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25 March 2015 - 'THEY ARE WE' Film Screening

Anti-Slavery Australia and UNIC Canberra present a screening of 'THEY ARE WE' for the International Day of Remembrance for the Victims of Slavery and the Transatlantic Slave Trade 2015

Date: Wednesday 25 March 2015

Time: 5.30pm - 8.00pm (film screening 6.00pm - 7.30pm)

Venue: Moot Court, Faculty of Law, University of Technology, Sydney

Every year on 25 March, the International Day of Remembrance for the Victims of Slavery and the Transatlantic Slave Trade offers the opportunity to honour and remember those who suffered and died at the hands of the brutal slavery system which affected over 15 million men, women and children.

This year's theme, Women and Slavery pays tribute to the many enslaved women who endured unbearable hardships, including sexual exploitation, as well as those who fought for freedom from slavery and advocated for its abolition. It also celebrates the strength of enslaved women, many of whom succeeded in transmitting their African culture to their descendants despite the many abuses that they had to endure.

For International Day of Remembrance for the Victims of Slavery and the Transatlantic Slave Trade 2015, the United Nations has chosen as their official film They Are We, directed and produced by Anti-Slavery Australia's Dr Emma Christopher.

In commemoration of this important day, Anti-Slavery Australia, UTS and UNIC Canberra will host a screening of this award-winning film.

THEY ARE WE is the story of a remarkable and joyous reunion, 170 or so years after a family was driven apart by the transatlantic slave trade. It is the story of Josefa Diago, who was stolen from what is today Sierra Leone and shipped to Cuba around the 1830s. Although the life expectancy for enslaved people there was only seven years, she managed to survive into very old age and taught the songs and dances of her African family's initiation rites to her children, grandchildren and great-grandchildren.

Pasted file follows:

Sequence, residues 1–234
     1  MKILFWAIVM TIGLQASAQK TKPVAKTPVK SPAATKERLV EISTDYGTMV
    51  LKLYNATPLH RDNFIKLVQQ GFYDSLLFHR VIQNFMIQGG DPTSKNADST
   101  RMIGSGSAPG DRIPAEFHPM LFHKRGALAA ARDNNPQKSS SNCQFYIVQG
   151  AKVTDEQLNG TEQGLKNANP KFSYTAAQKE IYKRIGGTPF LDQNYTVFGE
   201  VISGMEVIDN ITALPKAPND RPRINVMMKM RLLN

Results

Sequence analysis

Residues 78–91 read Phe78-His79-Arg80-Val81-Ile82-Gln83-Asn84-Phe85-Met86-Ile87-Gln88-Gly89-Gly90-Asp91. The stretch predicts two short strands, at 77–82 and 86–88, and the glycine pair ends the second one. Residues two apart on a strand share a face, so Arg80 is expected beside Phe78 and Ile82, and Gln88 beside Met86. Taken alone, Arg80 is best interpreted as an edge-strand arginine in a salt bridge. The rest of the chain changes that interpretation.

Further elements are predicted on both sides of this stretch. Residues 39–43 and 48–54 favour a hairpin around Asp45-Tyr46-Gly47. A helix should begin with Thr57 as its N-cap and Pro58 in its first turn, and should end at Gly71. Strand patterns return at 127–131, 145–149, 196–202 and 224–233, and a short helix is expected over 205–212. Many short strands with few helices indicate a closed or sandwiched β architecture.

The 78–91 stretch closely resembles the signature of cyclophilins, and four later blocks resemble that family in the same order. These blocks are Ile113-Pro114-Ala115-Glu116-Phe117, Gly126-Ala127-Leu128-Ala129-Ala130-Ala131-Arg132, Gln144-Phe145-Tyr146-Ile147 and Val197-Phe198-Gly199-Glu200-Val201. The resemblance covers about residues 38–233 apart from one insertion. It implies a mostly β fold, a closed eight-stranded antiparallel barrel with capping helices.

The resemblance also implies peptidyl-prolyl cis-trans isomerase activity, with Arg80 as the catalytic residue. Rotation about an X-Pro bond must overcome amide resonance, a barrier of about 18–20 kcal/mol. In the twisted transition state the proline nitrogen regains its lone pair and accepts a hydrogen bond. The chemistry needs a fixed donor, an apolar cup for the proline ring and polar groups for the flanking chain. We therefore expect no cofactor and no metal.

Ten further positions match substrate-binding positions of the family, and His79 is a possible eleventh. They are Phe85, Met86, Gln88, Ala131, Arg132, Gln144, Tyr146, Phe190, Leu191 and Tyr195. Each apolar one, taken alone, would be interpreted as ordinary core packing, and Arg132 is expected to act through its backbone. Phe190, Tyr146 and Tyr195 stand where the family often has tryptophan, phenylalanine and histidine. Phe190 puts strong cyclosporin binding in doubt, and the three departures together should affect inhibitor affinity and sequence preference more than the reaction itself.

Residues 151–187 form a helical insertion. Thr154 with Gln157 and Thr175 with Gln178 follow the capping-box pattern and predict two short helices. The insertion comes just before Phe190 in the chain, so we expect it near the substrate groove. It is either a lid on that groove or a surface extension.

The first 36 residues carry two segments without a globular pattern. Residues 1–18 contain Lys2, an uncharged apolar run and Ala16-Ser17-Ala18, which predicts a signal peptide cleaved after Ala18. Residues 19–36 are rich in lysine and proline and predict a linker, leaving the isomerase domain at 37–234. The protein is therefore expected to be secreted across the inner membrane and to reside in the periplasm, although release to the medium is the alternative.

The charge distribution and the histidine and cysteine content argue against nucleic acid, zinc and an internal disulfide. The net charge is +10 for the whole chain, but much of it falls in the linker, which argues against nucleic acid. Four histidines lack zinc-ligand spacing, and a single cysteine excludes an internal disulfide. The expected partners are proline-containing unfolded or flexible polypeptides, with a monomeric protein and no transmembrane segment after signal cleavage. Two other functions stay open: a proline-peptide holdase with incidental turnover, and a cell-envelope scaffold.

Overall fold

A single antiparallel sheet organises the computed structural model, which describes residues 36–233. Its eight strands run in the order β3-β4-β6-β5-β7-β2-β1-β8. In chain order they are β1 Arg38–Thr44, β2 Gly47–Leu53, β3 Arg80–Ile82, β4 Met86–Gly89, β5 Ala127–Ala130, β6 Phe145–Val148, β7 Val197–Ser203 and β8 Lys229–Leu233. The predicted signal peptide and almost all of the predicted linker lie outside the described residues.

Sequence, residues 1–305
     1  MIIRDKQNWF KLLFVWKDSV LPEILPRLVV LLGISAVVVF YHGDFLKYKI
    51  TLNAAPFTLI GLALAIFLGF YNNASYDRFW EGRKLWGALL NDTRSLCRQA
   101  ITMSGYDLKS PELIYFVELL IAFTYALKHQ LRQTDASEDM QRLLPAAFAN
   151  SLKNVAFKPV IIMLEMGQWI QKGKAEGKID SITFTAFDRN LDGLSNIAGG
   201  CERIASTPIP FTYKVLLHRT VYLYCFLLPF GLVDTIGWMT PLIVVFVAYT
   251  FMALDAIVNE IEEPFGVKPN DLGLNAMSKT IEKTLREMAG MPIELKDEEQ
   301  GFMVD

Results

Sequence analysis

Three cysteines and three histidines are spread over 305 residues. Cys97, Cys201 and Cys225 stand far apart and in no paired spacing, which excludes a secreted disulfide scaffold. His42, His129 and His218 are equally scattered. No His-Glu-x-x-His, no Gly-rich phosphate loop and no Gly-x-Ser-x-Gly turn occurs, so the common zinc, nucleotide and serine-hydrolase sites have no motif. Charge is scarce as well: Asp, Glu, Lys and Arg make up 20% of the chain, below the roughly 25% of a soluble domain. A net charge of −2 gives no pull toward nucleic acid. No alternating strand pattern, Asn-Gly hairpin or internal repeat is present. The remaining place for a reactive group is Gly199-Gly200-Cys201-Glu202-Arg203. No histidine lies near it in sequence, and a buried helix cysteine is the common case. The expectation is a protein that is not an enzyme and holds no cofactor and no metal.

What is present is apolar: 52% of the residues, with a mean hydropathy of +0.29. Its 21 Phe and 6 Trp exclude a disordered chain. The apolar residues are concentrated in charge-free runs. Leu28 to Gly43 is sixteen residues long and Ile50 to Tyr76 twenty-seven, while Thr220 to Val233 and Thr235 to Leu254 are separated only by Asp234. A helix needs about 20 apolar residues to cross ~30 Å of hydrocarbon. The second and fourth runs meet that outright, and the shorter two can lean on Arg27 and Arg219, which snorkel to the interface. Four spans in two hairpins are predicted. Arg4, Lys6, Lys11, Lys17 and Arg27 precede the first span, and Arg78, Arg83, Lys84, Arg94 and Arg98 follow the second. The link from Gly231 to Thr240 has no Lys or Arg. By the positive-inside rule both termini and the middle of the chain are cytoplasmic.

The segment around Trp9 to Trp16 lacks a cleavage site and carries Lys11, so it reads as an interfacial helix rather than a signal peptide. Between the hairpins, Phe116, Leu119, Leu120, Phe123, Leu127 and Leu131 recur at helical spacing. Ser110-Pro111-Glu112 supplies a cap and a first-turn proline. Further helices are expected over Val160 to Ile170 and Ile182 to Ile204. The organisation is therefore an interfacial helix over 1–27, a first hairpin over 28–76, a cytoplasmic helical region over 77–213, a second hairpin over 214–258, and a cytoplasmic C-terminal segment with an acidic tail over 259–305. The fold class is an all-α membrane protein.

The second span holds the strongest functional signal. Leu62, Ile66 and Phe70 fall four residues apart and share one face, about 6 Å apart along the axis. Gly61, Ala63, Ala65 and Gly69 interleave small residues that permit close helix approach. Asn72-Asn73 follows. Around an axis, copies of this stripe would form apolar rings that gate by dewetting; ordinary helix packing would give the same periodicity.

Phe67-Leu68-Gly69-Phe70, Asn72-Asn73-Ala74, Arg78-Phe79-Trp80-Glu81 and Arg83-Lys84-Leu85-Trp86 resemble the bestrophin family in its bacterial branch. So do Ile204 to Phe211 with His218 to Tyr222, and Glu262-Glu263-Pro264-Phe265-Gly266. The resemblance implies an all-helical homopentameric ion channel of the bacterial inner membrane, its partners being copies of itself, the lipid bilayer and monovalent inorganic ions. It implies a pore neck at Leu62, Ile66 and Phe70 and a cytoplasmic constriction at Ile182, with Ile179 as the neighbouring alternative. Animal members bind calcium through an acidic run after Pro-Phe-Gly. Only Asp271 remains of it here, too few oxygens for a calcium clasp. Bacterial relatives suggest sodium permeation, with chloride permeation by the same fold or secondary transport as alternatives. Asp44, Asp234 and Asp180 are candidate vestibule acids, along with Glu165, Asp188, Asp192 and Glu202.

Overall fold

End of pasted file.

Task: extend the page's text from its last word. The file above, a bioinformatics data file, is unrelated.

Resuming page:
Today her descendants, now numbering in their hundreds, are called the Gang-Longob, Incredibly, they have kept their unique heritage alive. Through decades of brutal enslavement, independence wars, and then the denying of all religions after the Cuban revolution, they have retained the collection of distinct songs and dances inherited from Josefa.

After a chance discovery while working in West Africa, director Emma Christopher spent two years showing a film of the Gang-Longob songs and dances to several thousand people across Sierra Leone. Eventually, in an isolated village with no road access, one man looked at another in joy and wonder as he watched a recording of the Gang-Longob songs and said, THEY ARE WE!Then the villagers joined in with others of the Gang-Longob songs, still recognizing them clearly despite all the years of separation.

THEY ARE WE tells the story of Josefa's survival against the odds and how determination and shared humanity can triumph over the bleakest of histories. It is the story of how Josefa Diago came to be remembered as one of the ten Powerful Women of Slavery by the United Nations.

You can watch the film trailer here:



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